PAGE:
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Given a Spring configuration that exclusively contains eager (non-lazy) singleton beans, i.e. the defaults, is it possible to have Spring throw an exception in the case where any of those beans is not injected anywhere? I'm essentially looking for a way to detect dead code in the form of Spring beans.

My question is somewhat similar to these.

However,

  • I'm not interested in manually inspecting a graph or parsing log data.
  • I don't have the added complexity of multiple context files, overriding beans, bean post-processing, or xml. It's a simple, straightforward, annotation-driven configuration.
  • I'm using Spring Boot 1.2.6 which is several years newer than those questions (maybe new functionality exists).

Spring will certainly throw an exception if a necessary bean is missing. Can it also throw an exception in the opposite scenario where a bean is found but unnecessary?

  • 2
    Two ways to detect them "quickly", but it's a bit dirty : 1) Use visual VM from visualvm.github.io, make run your application and see the number of instances of all of your beans. 2) Declare private all of your beans (temporary) to check who is really calling them (the caller will be in error too). Re-put your beans classes public one by one and only when a caller is whining. The ones that are still private at the end are the one unused. – Marc Le Bihan Sep 16 '18 at 19:46
  • 1
    Also in IDEA you can press Ctrl+left mice click and it'll show you all usages of your bean (class) – Lev Dec 11 '18 at 15:37
1

Spring will certainly throw an exception if a necessary bean is missing. Can it also throw an exception in the opposite scenario where a bean is found but unnecessary?

TL/DR:

Spring does not support this (and probably never will).

Long version:

Detecting if a bean is used can be really hard.

First, lets define when does spring throw the "missing bean" exception.

During the initialisation of the spring context, spring creates the beans in the order in which it will allow for all dependencies to be satisfied (if possible). If a bean is missing a dependency, spring will throw an exception (as you said). So, the exception is thrown during the spring context initialisation process.

Now, you could say that we could monitor this process and look for a bean that was not used as a dependency in any other bean. The problem is that not all bean dependencies are defined during the spring context initialisation process.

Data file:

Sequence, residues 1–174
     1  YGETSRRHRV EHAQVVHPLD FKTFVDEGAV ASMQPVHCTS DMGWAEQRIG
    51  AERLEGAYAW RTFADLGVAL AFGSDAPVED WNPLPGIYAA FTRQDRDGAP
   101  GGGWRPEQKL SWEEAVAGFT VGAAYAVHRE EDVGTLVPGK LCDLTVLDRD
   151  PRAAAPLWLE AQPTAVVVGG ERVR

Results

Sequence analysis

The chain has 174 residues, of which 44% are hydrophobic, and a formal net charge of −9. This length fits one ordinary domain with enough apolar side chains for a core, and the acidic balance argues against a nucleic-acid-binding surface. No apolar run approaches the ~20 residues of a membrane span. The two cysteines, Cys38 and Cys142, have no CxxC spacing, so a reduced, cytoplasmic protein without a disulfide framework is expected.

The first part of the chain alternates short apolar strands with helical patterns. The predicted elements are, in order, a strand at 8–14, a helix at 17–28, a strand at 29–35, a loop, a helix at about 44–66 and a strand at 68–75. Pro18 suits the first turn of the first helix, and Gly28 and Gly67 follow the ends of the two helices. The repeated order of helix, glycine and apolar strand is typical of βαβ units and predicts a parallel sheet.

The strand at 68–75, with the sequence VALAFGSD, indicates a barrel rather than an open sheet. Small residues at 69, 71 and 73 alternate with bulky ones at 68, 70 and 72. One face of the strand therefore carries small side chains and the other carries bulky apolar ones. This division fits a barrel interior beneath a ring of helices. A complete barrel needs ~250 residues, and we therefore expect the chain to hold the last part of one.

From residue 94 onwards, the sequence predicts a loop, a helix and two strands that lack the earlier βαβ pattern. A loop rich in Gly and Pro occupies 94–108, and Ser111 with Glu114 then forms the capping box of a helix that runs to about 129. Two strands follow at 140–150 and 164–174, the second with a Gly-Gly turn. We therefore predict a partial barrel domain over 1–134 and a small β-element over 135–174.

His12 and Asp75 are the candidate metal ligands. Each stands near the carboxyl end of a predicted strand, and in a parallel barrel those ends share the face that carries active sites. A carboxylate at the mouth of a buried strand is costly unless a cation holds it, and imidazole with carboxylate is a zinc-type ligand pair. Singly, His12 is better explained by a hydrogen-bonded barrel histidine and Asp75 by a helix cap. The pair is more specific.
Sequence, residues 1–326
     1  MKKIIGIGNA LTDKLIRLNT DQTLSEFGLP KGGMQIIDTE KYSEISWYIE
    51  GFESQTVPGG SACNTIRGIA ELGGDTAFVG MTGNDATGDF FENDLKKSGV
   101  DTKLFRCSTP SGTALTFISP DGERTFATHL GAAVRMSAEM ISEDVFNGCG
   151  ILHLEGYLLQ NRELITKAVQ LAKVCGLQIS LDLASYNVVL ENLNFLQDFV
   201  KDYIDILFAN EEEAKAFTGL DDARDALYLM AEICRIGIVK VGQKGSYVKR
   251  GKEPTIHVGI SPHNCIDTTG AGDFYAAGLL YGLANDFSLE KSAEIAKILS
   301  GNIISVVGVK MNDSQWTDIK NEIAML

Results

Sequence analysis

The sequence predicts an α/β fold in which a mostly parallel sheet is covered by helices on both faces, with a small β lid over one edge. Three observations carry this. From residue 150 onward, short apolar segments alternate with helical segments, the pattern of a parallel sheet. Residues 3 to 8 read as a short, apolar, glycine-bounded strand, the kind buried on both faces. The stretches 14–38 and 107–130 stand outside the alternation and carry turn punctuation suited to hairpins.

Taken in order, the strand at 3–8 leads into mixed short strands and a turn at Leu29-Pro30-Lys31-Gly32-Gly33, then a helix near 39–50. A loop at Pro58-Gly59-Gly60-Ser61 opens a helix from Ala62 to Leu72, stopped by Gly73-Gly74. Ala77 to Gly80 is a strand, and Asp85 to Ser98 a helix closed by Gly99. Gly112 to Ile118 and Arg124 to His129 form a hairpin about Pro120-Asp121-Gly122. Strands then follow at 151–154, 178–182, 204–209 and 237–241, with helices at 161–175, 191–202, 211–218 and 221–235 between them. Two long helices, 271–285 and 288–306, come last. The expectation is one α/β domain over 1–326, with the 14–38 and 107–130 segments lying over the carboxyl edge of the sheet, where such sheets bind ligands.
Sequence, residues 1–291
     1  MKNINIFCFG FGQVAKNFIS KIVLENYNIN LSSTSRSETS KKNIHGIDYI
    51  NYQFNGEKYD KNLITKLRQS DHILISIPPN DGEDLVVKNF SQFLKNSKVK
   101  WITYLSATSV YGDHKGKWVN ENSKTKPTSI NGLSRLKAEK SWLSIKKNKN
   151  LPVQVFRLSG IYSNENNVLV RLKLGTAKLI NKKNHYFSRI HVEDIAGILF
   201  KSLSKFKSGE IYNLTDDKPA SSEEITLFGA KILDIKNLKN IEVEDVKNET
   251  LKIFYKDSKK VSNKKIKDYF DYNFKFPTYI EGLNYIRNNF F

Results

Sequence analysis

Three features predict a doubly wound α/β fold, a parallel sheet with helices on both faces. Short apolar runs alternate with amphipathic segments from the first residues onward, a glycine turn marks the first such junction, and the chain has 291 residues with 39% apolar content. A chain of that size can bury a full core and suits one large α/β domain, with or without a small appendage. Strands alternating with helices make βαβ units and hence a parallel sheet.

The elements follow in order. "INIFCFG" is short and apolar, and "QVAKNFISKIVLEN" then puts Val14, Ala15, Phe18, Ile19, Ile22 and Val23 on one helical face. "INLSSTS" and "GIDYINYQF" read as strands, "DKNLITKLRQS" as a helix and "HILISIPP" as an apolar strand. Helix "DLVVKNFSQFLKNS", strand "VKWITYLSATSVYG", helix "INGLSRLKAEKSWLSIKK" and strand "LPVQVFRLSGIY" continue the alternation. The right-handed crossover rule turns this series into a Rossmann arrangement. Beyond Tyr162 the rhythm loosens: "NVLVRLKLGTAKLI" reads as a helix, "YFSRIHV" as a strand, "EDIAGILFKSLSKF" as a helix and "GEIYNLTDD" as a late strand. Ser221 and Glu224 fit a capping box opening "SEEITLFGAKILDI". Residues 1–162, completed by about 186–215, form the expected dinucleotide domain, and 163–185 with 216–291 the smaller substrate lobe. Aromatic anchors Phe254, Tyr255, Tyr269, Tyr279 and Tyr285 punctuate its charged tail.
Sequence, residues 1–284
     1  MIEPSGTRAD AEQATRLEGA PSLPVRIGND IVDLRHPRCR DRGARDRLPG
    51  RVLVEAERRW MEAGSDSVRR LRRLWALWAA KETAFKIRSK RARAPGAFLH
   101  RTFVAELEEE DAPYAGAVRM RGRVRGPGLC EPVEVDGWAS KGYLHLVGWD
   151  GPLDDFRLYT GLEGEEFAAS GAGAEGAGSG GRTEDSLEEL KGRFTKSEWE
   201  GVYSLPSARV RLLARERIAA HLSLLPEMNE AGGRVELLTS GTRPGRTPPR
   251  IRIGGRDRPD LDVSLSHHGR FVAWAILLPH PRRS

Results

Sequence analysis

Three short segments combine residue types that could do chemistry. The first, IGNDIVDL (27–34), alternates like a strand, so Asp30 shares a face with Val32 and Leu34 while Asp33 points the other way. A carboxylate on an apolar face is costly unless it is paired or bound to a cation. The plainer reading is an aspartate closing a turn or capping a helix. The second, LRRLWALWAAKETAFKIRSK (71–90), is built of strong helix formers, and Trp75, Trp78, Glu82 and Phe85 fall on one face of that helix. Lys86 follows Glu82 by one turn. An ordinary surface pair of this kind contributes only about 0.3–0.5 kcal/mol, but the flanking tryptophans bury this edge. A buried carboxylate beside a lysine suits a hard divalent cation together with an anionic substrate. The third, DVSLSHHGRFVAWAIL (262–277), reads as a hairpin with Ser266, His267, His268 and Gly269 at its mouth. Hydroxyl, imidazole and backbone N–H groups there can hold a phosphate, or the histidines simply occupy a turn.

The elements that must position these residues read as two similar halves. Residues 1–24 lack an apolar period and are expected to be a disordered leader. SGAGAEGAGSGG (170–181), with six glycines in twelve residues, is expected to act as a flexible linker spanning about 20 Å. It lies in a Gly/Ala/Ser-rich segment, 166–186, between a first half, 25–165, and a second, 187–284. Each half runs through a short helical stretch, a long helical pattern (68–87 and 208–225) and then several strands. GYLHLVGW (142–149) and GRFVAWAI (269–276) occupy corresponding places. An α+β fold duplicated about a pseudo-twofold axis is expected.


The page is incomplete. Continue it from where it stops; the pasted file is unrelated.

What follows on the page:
Let's look at the following example:

First, we have a simple interface, DataService

public interface DataService {
 String getData();
}

Now we have 2 spring beans that implement this interface:

@Service("firstDataService")
public class FirstDataService implements DataService {

  @Override
  public String getData() {
    return "FIRST DATA SERVICE";
  }
}

@Service("secondDataService")
public class SecondDataService implements DataService {
  @Override
  public String getData() {
    return "SECOND DATA SERVICE";
  }
}

Now, imagine that there is no bean that depends on these two beans directly. When I say directly, I mean there is no bean that depends on these beans via constructor-based, setter-based or field-based dependency injection.

Because of that, spring will not inject these beans inside any other bean during the context initialisation process.

Now, consider the following bean:

@Service
public class DataCollector {

  @Autowired
  ApplicationContext applicationContext;


  String getDataFromService(String beanName) {
    DataService ds = (DataService) applicationContext.getBean(beanName);
    return ds.getData();
  }
}

If I call the getDataFromService method of the DataCollector bean with "firstDataService" value for the beanName parameter, the method will return "FIRST DATA SERVICE" as a result. If I call the method with "secondDataService", I will return "SECOND DATA SERVICE" as a result.

Now, when spring looks at the definition of DataController during context initialisation, there is no way to determine on which beans DataCollector depends on. It all depends on the application logic, and the value that we use for the beanName parameter when we call the getDataFromService method.

Because of that, spring is not capable of determining if there is bean that is never used (because the bean usage can be dynamic, like in the case above).

  • To be more clear about my setup, I tried to define it as the simplest, most common scenario. I was looking to detect when any of those beans is not injected: the keyword being injected. I understand the Service Locator anti-pattern, as shown in the last code example, is a different beast. A solution for pure dependency injection would be sufficient for my setup. – jaco0646 Dec 30 '18 at 16:22
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    @jaco0646 Sorry for the late response. I understand what you mean but as far as I know there is no such feature in spring at the moment. I believe that such feature will probably confuse the users and cause them to use it in a wrong way. Anyway if you are interested in implementing something like that, you should take a look at the DepedencyDescriptor class which manages DI of the beans (here you can see which beans are being injected) and the DefaultListableBeanFactory which contains the beans that were created in the container. – Dimitar Spasovski Feb 16 at 17:57

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